- Faster buffer clearing: Supports a more advanced SD data transfer standard (UHS-II vs UHS-I).
- More modern: Was introduced somewhat (5 months) more recently.
If the number of relative strengths (bullet points above) is taken as a guide, the S1R is the clear winner of the contest (25 : 7 points). However, the relative importance of the various individual camera aspects will vary according to personal preferences and needs, so that you might like to apply corresponding weights to the particular features before making a decision on a new camera. A professional wildlife photographer will view the differences between cameras in a way that diverges from the perspective of a family photog, and a person interested in architecture has distinct needs from a sports shooter. Hence, the decision which camera is best and worth buying is often a very personal one.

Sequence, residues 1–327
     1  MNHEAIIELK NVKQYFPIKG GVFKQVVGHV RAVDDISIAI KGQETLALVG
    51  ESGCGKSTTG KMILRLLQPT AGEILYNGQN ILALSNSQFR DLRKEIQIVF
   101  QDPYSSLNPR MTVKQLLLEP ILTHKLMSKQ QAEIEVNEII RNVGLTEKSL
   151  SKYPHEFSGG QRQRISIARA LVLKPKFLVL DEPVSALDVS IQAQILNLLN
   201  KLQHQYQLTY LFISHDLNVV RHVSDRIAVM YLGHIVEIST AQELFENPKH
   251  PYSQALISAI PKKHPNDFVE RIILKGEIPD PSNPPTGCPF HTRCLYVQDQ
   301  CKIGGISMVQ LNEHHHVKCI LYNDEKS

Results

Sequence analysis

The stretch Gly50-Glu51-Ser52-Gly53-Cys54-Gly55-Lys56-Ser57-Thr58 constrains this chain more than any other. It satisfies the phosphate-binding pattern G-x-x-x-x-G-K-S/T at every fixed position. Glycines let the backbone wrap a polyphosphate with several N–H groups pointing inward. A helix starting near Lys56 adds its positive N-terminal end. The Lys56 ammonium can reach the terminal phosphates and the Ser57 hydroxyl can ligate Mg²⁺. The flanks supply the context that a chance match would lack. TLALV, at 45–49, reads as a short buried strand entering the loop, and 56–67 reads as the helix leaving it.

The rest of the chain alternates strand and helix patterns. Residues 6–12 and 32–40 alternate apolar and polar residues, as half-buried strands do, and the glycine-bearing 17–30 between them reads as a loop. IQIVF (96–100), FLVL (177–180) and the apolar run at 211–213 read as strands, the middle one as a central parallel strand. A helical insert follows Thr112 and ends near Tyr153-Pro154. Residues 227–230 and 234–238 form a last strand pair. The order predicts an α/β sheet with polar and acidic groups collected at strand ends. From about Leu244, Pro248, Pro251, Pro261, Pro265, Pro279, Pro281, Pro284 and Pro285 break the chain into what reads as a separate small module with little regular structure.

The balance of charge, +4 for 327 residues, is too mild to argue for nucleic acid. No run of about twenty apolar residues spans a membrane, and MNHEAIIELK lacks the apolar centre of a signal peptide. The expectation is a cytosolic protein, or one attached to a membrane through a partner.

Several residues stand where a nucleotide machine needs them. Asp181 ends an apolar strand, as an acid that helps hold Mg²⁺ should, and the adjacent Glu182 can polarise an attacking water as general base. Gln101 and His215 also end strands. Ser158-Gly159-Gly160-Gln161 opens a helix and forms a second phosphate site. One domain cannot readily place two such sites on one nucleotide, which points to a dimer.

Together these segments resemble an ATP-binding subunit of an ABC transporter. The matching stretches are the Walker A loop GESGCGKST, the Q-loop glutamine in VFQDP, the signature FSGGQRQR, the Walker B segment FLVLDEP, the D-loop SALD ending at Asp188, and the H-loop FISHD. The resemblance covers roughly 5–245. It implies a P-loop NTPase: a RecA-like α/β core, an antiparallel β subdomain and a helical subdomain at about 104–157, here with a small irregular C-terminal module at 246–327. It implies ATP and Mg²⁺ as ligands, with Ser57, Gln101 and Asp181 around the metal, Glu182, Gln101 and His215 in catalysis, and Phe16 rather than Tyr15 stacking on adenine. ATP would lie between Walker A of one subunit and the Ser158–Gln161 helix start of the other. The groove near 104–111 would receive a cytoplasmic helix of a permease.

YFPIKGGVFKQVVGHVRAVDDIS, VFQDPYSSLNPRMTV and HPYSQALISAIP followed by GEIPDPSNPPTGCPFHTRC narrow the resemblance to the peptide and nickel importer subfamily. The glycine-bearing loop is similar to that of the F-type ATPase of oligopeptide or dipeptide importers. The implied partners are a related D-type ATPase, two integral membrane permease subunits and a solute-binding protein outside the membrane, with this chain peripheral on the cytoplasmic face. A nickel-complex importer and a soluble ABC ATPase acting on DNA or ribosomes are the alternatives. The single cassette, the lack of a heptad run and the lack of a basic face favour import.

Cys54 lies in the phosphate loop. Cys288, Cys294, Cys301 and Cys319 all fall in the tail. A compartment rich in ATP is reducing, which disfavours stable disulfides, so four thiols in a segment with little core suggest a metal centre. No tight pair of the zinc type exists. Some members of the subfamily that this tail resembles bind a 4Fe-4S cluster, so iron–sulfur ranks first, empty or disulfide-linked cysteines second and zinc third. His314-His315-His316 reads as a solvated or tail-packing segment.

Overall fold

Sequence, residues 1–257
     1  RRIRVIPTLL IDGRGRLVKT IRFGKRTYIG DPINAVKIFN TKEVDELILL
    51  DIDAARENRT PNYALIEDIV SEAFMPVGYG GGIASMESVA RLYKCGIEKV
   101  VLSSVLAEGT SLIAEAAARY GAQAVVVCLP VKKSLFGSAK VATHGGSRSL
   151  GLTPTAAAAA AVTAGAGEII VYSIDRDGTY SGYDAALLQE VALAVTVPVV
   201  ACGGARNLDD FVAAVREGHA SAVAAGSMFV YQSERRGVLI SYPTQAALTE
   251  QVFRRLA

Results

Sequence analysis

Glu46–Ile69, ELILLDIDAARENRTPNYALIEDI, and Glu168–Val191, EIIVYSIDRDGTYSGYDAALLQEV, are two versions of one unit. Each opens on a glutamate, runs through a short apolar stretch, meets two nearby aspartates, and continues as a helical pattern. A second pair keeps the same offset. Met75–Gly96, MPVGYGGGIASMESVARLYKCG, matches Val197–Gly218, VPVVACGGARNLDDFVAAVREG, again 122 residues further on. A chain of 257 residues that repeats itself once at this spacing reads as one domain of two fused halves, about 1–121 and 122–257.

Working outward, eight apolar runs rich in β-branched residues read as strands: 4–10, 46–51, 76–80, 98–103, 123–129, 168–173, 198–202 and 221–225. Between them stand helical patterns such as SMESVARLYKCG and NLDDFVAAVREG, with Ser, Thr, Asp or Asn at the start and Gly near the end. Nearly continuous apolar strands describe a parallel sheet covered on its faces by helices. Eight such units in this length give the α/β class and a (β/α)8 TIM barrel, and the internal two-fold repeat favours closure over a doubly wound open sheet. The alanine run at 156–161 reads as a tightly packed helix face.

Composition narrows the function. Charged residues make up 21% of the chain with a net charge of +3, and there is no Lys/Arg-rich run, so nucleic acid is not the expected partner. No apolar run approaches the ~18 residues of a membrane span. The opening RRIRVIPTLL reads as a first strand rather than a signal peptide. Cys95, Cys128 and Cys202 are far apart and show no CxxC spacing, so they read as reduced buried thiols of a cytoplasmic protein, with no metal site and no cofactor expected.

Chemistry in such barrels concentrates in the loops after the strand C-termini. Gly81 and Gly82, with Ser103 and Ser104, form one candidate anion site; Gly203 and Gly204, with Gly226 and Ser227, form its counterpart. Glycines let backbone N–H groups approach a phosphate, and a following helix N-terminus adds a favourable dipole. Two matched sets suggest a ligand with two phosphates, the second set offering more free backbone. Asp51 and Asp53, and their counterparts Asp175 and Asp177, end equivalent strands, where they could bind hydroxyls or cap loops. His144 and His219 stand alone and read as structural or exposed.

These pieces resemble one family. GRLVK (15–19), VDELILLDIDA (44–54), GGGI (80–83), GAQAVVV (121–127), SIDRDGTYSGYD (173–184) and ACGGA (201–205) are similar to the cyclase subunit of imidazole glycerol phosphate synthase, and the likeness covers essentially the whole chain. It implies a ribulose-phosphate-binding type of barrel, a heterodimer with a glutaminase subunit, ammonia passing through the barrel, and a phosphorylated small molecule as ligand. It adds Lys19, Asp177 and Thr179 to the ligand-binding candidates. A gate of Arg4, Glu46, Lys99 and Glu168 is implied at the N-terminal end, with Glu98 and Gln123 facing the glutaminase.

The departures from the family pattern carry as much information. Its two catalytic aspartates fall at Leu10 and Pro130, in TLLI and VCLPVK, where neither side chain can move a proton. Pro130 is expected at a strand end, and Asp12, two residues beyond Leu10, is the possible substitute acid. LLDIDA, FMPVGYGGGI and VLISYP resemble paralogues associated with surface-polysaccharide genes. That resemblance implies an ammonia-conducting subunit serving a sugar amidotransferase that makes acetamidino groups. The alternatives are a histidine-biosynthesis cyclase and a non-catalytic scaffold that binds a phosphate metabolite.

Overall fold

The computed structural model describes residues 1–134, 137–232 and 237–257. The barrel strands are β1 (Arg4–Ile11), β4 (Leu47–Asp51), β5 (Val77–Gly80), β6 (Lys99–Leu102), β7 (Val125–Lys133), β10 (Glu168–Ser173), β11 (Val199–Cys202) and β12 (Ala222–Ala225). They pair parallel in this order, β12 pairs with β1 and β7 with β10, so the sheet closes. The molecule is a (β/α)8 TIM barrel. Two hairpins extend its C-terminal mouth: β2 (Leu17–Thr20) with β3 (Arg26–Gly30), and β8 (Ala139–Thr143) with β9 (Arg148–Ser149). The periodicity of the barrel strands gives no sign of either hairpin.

How about other alternatives? Do the specifications of the Panasonic LX100 II and the Panasonic S1R place the cameras among the top in their class? Find out in the latest Best Travel-Zoom Camera and Best Mirrorless Interchangeable Lens Camera listings whether the two cameras rank among the cream of the crop.
In any case, while the specs-based evaluation of cameras can be instructive in revealing their potential as photographic tools, it remains partial and cannot reveal, for example, the shooting experience and imaging performance when actually working with the LX100 II or the S1R. User reviews that are available, for instance, at amazon can sometimes shed light on these issues, but such feedback is all too often partial, inconsistent, and inaccurate.